Recently, the number of stations to continuously measure atmospheric CO2 concentration increased. These stations bring us important information about regional and short-term variations of CO2 fluxes through atmospheric transport. To take advantage of this new information, we developed a Bayesian synthesis inverse scheme to infer daily CO2 flux at a grid cell resolution over a pre-defined region from measured daily mean CO2 concentration. This inverse method was applied to AEROCARB European network measurements for the year 2001. To calculate atmospheric transport, we used the global circulation model LMDZ with variable grid size. We used enhanced spatial grid resolution over Europe up to 50x50 km2, therefore improving atmospheric transport modeling over this region. For each grid cell the flux contribution to simulated CO2 concentration at observation sites was calculated by LMDZ running in adjoint mode. Whereas still under discussion, we believe the flux errors at these small spatial and temporal scales don't vary independently from one another. Then we developed and tested three different spatial correlation schemes on flux errors in the inversion. In a first attempt, we used synthetic data to analyze the potential of the European network. These data were simulated by forward atmospheric transport of daily CO2 fluxes from the biogeochemical model ORCHIDEE for the year 2001. This allowed us to determine over which area the fluxes are retrieved most accurately in case of a perfect atmospheric transport. We also estimated at which minimal scales, in space and in time, fluxes should be aggregated to compare favorably with true fluxes from ORCHIDEE model. With actual observations, flux estimates appear less realistic. Temporal and spatial aggregations, as well as proper data selection, are shown to improve the fluxes considerably. Moreover, by 2005, NIES has equipped five towers in West Siberia to continuously measure atmospheric CO2 concentrations, in addition to previously established airborne observations. These towers are located relatively close from one another, covering 786000 km2, and allow us to study CO2 fluxes at regional scale by inverse modeling.. We developed regional inverse model setup with LMDZ zoomed over West Siberia for 2005, and tested the forward simulations of CO2 transport with ORCHIDEE model fluxes against observations.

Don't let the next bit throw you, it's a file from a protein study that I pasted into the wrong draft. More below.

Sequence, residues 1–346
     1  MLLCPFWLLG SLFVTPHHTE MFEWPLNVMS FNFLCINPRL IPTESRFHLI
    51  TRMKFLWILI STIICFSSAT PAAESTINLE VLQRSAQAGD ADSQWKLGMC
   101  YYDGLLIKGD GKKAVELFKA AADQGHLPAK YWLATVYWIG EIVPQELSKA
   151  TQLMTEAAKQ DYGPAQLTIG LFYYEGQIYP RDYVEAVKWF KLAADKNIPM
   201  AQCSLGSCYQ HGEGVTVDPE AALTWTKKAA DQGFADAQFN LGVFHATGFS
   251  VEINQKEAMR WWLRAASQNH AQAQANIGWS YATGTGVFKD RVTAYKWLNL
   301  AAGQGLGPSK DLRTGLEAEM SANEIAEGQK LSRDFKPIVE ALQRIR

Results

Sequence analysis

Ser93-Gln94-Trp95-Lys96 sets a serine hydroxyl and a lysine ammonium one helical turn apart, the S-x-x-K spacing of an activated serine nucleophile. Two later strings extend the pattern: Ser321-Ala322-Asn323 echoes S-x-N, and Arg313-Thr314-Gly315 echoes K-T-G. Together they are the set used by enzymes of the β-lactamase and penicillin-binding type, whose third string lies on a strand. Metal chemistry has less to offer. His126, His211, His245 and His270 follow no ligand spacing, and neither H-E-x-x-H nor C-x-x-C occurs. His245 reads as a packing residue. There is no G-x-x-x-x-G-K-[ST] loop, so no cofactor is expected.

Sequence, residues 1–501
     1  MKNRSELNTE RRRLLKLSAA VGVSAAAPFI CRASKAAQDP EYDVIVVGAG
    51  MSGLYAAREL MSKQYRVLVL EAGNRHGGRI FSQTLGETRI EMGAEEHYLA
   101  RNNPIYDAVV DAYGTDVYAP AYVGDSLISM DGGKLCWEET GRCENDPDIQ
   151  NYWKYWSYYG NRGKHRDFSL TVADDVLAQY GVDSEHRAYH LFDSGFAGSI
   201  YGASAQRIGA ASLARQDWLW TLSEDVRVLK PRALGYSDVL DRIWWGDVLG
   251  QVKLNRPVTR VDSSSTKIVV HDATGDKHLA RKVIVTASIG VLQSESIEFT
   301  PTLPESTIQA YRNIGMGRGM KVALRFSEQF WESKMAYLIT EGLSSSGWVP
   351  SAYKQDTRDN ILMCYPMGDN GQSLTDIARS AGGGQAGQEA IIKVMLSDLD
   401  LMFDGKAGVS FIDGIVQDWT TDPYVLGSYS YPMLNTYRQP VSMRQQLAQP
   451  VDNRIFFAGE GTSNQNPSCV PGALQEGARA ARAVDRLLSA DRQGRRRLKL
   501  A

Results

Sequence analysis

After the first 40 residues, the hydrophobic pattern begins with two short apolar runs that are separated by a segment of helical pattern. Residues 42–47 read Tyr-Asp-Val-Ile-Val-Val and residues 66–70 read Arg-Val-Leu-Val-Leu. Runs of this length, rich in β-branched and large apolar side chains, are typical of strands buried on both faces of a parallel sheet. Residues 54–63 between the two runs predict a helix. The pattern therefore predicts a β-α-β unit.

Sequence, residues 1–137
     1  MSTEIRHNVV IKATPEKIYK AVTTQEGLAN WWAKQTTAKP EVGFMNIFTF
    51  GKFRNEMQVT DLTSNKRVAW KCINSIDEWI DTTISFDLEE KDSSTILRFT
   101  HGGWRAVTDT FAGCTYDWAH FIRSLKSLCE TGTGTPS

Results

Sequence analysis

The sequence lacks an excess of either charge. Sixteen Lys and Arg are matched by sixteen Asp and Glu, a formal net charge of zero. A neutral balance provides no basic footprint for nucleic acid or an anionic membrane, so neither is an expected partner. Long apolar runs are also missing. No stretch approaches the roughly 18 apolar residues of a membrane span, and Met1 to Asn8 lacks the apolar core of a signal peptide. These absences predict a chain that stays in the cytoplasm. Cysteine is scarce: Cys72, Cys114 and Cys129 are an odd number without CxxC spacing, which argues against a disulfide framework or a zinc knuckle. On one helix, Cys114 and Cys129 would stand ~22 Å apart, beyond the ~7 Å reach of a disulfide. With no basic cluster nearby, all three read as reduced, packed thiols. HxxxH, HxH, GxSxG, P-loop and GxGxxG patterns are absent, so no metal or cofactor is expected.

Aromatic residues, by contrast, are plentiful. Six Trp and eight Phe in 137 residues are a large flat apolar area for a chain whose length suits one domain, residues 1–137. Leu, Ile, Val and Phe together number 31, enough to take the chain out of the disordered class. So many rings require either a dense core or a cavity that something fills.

AGU Fall Meeting Abstracts
- Pub Date:
- December 2006
- 0315 Biosphere/atmosphere interactions (0426;
- 0322 Constituent sources and sinks;
- 0426 Biosphere/atmosphere interactions (0315);
- 0428 Carbon cycling (4806)